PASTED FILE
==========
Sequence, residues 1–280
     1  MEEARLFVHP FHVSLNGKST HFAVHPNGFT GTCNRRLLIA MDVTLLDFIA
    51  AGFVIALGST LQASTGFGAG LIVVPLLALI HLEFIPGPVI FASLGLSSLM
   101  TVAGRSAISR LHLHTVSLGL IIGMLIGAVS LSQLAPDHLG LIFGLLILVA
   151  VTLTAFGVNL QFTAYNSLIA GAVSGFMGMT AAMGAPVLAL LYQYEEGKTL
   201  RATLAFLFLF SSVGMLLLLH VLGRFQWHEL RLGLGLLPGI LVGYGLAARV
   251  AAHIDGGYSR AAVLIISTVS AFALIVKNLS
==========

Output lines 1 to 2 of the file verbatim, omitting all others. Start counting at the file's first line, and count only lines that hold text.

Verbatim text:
Sequence, residues 1–280
     1  MEEARLFVHP FHVSLNGKST HFAVHPNGFT GTCNRRLLIA MDVTLLDFIA